local count (and will not tell any other processors it has created these new particles) until you call the \texttt{update()} method of \texttt{IpplParticleBase}. Thus, a call to \texttt{getLocalNum()} will report the same number just before and just after the call to create. The storage does exist after create is called, but only after the \texttt{update} method (which is discussed in more detail in a later section) has been called will all the processors have correct information on their local and total particle counts.
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\subsection{Initializing Attribute Data}

After calling create to allocate new storage, you must initialize the data. This should be done after calling create and before calling \texttt{update} for the \texttt{Particle} object. After the data is initialized, the \texttt{update} routine will properly distribute the particles to their correct node based on the layout mechanism chosen for that \texttt{Particle} object and possibly the positions of the particles as set during their initialization. The following example shows one way to initialize the data for newly
created particles when running on a single-processor machine. (This example will be modified in the following section for the case of running in parallel.) \\
\begin{code}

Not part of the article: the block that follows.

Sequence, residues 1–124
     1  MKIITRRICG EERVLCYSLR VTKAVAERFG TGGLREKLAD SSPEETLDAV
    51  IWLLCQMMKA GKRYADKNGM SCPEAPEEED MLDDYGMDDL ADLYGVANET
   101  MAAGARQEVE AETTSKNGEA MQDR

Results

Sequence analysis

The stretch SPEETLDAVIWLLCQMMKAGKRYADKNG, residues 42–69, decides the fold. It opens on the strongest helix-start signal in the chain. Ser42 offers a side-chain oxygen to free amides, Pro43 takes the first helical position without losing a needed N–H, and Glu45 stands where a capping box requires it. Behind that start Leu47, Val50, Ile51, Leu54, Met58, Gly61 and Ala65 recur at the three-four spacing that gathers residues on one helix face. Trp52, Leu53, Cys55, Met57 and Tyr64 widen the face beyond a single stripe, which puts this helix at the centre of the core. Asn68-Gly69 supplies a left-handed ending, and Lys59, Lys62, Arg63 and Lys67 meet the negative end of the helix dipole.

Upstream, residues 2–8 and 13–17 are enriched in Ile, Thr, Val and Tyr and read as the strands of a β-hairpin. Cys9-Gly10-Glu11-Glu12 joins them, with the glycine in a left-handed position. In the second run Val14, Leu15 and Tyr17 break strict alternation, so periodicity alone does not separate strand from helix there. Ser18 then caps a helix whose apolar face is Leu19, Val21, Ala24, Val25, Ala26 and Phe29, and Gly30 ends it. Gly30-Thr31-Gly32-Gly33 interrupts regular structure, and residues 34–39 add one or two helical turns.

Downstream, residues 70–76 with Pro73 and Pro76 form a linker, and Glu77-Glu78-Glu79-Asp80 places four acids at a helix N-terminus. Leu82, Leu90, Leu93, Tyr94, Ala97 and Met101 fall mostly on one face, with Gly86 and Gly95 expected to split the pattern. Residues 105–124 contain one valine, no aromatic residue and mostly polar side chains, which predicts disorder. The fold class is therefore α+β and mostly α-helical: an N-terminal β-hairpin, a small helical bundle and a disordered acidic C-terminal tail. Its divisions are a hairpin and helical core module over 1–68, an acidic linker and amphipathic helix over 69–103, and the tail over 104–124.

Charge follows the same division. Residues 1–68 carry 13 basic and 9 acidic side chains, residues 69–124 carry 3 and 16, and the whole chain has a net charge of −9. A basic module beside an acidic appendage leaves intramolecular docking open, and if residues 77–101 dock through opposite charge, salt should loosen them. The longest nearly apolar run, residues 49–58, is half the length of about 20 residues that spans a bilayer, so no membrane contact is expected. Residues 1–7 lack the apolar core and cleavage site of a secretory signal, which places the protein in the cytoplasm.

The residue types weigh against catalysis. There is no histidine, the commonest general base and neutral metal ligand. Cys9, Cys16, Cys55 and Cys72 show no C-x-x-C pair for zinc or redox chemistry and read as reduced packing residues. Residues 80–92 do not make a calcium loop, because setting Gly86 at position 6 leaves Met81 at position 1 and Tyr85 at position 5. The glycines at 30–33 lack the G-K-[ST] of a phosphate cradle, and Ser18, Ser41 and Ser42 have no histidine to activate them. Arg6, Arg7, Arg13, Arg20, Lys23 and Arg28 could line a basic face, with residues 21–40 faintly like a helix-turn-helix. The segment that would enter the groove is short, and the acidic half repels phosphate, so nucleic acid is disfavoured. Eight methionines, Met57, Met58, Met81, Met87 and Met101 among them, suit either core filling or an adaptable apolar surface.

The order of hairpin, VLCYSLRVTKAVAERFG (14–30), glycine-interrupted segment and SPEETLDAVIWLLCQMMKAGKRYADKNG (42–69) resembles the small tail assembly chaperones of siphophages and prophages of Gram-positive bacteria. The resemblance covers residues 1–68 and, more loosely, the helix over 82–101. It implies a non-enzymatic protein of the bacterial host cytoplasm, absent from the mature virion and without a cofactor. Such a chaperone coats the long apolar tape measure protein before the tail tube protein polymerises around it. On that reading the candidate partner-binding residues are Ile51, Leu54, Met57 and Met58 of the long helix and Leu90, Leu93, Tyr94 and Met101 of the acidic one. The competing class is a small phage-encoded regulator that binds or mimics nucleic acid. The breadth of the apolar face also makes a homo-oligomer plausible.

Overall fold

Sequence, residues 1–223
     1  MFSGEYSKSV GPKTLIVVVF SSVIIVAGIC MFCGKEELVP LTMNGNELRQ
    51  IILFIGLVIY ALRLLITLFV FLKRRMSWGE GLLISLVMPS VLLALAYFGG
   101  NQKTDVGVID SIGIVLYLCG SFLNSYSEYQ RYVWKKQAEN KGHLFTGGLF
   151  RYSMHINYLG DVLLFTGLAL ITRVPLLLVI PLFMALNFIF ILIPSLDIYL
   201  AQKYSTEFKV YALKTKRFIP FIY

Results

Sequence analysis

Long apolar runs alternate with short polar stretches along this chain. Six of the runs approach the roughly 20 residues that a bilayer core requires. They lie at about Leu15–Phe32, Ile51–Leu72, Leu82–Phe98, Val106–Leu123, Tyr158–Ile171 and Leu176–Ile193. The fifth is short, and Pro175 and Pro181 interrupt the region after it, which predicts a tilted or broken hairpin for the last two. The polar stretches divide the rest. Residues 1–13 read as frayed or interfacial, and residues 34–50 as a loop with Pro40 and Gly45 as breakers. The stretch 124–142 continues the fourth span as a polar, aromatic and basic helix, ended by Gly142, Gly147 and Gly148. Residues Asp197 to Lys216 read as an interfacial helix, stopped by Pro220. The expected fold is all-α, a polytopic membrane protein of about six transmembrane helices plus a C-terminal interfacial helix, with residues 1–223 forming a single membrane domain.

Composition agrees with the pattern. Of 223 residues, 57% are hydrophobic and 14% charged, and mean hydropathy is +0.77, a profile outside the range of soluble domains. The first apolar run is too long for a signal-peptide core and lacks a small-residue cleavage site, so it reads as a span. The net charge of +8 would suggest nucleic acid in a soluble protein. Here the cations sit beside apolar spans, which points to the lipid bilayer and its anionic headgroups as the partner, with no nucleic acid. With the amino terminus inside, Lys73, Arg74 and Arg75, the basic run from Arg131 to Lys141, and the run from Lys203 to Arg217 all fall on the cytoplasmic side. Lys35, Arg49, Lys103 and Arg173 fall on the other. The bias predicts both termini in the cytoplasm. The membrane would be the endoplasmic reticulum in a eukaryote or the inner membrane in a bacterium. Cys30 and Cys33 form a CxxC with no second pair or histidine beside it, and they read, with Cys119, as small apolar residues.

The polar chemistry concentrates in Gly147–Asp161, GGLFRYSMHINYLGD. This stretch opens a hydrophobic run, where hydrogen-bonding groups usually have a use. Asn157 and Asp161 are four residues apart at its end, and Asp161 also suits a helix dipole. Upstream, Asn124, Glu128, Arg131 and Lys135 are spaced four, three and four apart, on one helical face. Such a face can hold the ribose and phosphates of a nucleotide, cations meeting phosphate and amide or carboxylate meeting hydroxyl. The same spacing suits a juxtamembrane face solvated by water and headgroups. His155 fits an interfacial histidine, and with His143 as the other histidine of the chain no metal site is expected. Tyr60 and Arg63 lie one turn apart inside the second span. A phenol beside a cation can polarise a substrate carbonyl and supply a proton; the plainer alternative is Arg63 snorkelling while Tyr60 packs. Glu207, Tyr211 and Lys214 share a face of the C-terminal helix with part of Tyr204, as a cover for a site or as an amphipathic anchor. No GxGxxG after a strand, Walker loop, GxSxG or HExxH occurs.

// create and'initialize data for an instance of Bunch 
Bunch myBunch(new Bunch::Layout\_t(myFieldLayout)); 
int currLocalPtcls = myPtcls.getLocalNum(); 
myBunch.create(100); 
for (int i = 0; i < 100; i++) { 
    myBunch.R[currLocalPtcls + i] = Vektor<double,3>(0.0, 1.0, 0.0); 
    myBunch.vel[currLocalPtcls + i] Vektor<double,3>(1.0, 1.0, 1.0); 
} 
myBunch.update(); 
\end{code}


In this example, 100 new particles are created, and the \texttt{R} and \texttt{vel} attributes are initialized to \texttt{Vektor} quantities. Notice that each attribute is accessed simply by specifying it as a data member of the \texttt{myBunch} object. After create was called, even though the 100 particles were not added to the \texttt{Particle} object's count of local particles, the storage was allocated and it was possible to assign values to the new elements in the attribute storage
(accessed simply using the \texttt{[]} indexing operator). Finally, calling \texttt{update} added the new storage to the count, of particles stored in \texttt{myBunch}. Further calls to getLocalNum and getTotalNum would report the proper values.

\subsection{Initializing Attribute Data on Parallel Architectures}

The code shown in the previous example has one problem when used on parallel architectures: the call to create is performed on each processor, so if there were P processors a total of 100*P particles would be created. This may be the desired behavior, if so, the previous example is sufficient. However, if you are reading data on particle positions and other attributes from a file or some other source, you may wish to create particles on a single processor, and then distribute the
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data to the proper nodes. To do this, you need to call create and assign initial data on only one node but call update on all the processors. The \texttt{singlelnitNode()} method of \texttt{IpplParticleBase} will return a boolean value indicating whether the local processor should be used to create and initialize new particles in this way. The following example demonstrates how to use this method for initializing particles: \\